It’s been a long, lumbering journey for VR mech sim Vox Machinae, but the game has finally hit its ‘1.0’ release out of Early Access, now promising a full 10 hour campaign and a fully-featured multiplayer mode for up to 16 players, plus its first time launching on Quest 2. Did they pull it off? Read on to find out.
Vox Machinae is a VR mech sim that was built first and foremost as a multiplayer-only game. That held true up until today when developer Space Bullet Corp added a full-fledged campaign to the game for the sweet price of free.
Sensibly, for a small indie team, the campaign leans heavily on what’s already been built in the full game. You’ll see mostly the same landscapes, mechs, weapons, and enemies (with a few interesting exceptions), but this time built around hand-crafted scenarios interwoven with characters and story.
And the campaign is actually much more than just a series of scenarios with voice-overs. It includes a fairly large cast of characters and a story that fleshes out the universe of the game.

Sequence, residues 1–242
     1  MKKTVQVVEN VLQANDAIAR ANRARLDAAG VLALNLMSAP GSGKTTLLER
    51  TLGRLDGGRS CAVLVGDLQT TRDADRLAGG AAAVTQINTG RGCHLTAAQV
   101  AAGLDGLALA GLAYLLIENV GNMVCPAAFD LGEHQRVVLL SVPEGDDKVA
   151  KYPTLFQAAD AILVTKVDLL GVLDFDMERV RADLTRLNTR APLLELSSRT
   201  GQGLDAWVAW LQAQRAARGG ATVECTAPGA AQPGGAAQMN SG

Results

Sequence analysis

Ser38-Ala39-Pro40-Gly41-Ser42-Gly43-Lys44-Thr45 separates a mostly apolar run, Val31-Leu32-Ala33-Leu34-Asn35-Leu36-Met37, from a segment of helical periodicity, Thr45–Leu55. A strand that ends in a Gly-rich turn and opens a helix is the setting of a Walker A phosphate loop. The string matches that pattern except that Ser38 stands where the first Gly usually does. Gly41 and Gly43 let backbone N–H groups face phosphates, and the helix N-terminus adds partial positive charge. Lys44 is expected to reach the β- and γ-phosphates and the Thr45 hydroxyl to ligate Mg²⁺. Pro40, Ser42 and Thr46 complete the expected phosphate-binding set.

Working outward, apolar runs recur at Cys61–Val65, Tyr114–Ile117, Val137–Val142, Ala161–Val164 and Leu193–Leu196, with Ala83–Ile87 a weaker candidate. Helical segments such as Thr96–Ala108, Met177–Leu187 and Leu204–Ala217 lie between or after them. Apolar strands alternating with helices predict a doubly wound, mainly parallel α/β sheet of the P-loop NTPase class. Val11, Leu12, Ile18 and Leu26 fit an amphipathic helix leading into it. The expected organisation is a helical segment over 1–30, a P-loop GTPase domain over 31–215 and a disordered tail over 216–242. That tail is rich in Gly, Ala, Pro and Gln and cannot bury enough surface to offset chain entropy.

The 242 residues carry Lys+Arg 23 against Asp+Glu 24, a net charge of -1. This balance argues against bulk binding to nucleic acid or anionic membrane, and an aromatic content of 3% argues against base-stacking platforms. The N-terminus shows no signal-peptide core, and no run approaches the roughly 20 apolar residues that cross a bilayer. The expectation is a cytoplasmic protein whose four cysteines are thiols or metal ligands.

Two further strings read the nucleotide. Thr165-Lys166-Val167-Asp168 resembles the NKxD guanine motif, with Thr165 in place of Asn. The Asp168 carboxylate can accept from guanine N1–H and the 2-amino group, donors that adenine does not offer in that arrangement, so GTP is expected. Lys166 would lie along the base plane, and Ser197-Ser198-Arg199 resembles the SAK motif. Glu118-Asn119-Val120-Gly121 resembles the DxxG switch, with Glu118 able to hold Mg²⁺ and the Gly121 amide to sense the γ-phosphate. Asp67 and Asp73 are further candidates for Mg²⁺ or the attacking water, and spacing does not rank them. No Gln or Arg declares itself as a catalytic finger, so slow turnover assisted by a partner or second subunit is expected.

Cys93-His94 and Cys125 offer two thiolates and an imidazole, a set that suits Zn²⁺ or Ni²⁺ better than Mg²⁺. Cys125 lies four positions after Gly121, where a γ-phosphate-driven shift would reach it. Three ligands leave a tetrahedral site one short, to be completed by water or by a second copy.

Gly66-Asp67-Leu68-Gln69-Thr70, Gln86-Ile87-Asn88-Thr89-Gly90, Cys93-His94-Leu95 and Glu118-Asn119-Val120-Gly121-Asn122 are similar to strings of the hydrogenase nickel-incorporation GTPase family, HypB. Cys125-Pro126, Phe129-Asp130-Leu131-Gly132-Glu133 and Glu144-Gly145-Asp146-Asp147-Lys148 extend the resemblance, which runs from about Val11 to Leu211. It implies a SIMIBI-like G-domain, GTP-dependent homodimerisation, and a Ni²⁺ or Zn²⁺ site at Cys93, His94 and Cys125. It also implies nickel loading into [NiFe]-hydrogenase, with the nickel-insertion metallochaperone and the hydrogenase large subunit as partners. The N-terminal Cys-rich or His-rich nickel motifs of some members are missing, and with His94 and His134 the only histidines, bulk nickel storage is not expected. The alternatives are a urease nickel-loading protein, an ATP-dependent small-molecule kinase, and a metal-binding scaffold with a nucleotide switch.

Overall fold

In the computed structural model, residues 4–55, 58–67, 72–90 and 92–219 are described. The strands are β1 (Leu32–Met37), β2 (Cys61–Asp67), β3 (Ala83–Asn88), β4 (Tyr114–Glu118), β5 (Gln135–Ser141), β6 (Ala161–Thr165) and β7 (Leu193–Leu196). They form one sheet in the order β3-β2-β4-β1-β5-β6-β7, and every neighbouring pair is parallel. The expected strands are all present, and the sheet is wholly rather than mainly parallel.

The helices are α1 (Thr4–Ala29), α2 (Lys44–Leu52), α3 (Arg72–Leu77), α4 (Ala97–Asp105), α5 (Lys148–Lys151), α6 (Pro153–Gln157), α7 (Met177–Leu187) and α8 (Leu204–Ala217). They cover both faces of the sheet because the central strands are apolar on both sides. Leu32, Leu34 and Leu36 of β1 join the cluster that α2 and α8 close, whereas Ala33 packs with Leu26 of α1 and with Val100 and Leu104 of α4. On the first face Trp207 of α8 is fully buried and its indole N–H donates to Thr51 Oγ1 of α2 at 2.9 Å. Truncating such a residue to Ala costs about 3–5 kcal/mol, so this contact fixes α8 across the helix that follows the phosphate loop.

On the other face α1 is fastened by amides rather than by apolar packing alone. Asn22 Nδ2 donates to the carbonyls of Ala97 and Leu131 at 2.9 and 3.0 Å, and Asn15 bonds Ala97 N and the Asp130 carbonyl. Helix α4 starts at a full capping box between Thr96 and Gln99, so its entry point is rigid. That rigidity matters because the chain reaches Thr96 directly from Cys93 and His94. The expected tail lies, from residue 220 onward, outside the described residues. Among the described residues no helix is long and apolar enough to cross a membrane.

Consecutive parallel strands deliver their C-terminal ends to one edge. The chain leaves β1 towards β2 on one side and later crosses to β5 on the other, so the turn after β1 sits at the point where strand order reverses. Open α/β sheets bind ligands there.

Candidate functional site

As a player, you’ll join the crew of the transport ship ‘The Competence’, which acts as the hub of the game’s campaign. The player will roam the halls of the ship talking to characters between levels to progress the story before hopping into the hangar to set off on various missions.
Though it’s a clever idea to have the ship act as a hub for character and story beats throughout the game, it turns out to be far and away from the least fun part of it all, largely due to really rough voice acting, animation, and writing, coupled with serious pacing issues.
Between missions, you’re tasked with roaming the ship and talking to characters to move the story along until you’re finally allowed to go do the fun parts of the game (piloting big hulking robots). When you finally do get to hop into a mech the game really shines.
Especially for a game first released in 2018, Vox Machinae absolutely nails its unique take on VR mechs. Rather than a sleek and speedy combat vehicle, the mechs in the game (known as Grinders) are purportedly repurposed mining equipment, which makes them handle much more like a big rig than a fighter jet.
Being in the cockpit of any one of the game’s seven unique Grinders really gives you the feeling of controlling a machine much more than being the machine. And that comes with a high level of immersion even when you’re just roaming the game’s alien landscapes (more on that in the Immersion section below).